Newton Aduaka may appear a bit immodest when, in talking about his work, he invokes Giacometti. Specifically, he talks about the shock the artistic world expressed when they asked Giacometti what he’d produced in his sculptural career, and he’d produced no monumental works, “just a few figurines.” But “those figurines were a combination of a man’s life and thought into a small scale.” And Aduaka, a Nigerian director who’s produced one feature and three celebrated short films, clearly hopes his work does the same. His first feature, Rage, was a huge success, and was the first independent film by a black artist to gain widespread release in the UK.
We see clips from three of his earlier works:
– A couple, shot close in black and white, talking about their unhappiness in the UK and wishing they’d been able to be in Nigeria. The irony is that the film is set in the 1970s, in the wake of the Biafran war (which drove Aduaka from Nigeria to the UK) and during the darkest days of Nigeria’s military dictatorship.
– An argument between an older, dreadlocked scholar and an angry young rapper who wants violent responses to racism in the UK.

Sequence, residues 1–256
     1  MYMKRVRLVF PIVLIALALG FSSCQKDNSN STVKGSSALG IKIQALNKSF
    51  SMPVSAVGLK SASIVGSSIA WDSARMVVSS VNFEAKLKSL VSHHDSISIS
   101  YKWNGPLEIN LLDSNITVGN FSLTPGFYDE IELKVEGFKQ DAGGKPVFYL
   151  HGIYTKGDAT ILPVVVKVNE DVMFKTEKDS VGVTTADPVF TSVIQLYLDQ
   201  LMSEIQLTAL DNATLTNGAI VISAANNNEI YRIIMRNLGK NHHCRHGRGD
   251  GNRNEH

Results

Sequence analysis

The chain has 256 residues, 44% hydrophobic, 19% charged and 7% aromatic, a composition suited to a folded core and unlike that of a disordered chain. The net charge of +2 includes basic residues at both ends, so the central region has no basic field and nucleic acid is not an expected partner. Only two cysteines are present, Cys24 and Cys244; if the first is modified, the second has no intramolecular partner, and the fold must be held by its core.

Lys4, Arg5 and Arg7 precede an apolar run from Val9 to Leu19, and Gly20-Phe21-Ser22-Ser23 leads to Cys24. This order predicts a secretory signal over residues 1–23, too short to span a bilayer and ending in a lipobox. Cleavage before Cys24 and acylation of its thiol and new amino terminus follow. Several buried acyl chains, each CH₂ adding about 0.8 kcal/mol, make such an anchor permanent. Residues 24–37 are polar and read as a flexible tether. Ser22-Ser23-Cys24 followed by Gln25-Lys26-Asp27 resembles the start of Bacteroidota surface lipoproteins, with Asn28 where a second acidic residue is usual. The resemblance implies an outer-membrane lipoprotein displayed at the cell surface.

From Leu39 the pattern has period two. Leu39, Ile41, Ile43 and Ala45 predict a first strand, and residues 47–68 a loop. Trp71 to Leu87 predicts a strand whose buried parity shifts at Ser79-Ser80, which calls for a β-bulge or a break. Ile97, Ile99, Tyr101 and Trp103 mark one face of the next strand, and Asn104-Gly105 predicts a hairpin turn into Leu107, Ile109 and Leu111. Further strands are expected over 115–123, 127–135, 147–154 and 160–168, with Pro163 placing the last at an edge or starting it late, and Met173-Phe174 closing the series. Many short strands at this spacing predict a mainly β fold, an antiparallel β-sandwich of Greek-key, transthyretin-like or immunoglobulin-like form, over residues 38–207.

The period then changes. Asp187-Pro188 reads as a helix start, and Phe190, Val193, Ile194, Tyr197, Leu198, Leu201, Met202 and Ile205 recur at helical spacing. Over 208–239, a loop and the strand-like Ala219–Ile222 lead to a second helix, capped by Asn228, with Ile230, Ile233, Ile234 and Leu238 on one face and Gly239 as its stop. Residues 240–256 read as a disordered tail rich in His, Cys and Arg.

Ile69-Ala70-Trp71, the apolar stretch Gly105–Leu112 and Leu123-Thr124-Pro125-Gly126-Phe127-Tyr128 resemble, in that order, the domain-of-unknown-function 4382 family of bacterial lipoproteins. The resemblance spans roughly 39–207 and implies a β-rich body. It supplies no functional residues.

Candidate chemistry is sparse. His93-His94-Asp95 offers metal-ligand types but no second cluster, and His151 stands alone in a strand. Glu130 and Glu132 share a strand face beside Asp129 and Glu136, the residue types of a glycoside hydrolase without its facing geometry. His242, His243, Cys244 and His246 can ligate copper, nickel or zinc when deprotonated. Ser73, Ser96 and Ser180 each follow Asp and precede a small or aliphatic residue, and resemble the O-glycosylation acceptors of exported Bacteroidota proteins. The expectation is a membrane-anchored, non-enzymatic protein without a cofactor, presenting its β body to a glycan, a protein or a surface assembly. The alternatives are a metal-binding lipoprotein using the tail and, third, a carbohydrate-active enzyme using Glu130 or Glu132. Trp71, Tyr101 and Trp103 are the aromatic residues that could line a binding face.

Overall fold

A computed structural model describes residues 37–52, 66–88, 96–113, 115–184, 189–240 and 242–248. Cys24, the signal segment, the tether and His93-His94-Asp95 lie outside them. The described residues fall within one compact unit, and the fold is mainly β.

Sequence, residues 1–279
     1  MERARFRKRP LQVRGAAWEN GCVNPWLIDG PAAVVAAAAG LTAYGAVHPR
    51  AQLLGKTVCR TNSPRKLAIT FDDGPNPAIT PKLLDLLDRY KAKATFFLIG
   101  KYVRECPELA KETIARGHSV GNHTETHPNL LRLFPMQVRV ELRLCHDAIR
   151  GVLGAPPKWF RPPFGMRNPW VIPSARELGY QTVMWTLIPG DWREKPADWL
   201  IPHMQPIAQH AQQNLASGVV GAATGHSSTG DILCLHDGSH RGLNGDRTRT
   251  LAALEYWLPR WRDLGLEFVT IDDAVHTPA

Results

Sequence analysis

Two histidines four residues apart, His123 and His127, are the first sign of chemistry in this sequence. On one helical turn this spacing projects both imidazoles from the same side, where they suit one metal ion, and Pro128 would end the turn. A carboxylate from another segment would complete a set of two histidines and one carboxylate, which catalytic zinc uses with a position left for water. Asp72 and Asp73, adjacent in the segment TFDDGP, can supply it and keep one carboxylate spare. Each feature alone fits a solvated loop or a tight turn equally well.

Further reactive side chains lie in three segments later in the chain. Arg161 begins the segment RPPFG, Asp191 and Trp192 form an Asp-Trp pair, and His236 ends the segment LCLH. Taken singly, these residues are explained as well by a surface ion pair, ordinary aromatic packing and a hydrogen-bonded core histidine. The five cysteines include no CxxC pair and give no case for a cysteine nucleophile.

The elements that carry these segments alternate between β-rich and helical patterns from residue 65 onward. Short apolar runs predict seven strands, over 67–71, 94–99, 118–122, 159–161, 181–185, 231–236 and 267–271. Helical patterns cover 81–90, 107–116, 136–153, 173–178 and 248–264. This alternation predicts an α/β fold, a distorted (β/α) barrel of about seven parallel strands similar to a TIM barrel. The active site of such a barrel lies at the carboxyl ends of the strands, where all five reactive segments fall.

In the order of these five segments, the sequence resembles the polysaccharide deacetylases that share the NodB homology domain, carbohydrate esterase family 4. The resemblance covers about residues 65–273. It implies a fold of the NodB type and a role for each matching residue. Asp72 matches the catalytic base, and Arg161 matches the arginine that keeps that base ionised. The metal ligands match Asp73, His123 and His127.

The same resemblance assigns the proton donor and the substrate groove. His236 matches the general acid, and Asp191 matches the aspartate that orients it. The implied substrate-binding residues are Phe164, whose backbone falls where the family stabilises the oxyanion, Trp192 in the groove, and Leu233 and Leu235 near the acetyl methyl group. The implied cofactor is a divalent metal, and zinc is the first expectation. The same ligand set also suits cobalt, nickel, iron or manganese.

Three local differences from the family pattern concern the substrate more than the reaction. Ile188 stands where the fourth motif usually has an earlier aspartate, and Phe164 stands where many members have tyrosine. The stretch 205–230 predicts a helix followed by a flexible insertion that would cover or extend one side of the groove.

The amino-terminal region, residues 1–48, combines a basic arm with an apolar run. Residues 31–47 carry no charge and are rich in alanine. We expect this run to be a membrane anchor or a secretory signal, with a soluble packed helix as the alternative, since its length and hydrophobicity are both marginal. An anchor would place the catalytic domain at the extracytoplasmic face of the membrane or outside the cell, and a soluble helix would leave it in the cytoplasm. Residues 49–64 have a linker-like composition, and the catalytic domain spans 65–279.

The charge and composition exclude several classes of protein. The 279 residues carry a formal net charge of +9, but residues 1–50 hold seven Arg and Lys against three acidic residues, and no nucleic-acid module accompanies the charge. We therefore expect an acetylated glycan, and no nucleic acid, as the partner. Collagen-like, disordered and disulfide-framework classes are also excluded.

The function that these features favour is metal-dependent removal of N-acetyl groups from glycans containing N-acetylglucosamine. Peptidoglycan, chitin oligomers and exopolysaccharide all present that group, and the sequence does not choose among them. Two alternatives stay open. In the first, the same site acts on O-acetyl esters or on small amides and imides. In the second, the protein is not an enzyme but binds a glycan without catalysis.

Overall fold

– A passionate argument between filmmakers from several countries about the importance of film.
It’s hard to find a common theme between the three, but Aduaka gives us some hints: alienation, racism, a longing for home. He mentions that since moving to France from the UK, he feels like he’s gone decades back in time in terms of multiculturalism.
He shows long clips from his new, forthcoming feature – “Ezra” – set in Sierra Leone. It’s the story of a child soldier, his indoctrination, and his sister’s search to find and rescue him. It’s an amazingly powerful work, even in short pieces, and leaves the audience close to speechless. Remembering the Biafra war and its transformative effect on his life, he reminds us, “Africa should go forward, but we must look backwards so we don’t forget.”
Rokia Traoré wasn’t originally supposed to follow Aduaka – our closing musician was scheduled to be the legendary Toussou N’Dour. But he’s “unavoidably detained” in Senegal and Traoré is here to ably fill the void. Her spare, sparse arrangements set off her voice beautifully, and she’s backed by her own guitar, a female vocalist, a kora player and a xalam player, who are more concerned with the overall feel of the music than with taking the spotlight. Traoré was clearly moved by Aduaka’s talk and shares her hopes that his new film will find an audience. Her music is the perfect end to a day shattering our preconceptions about Africa. We all expected to spend the end of the session shaking our butts to some funky music – instead, we heard something beautiful, meditative and very precious.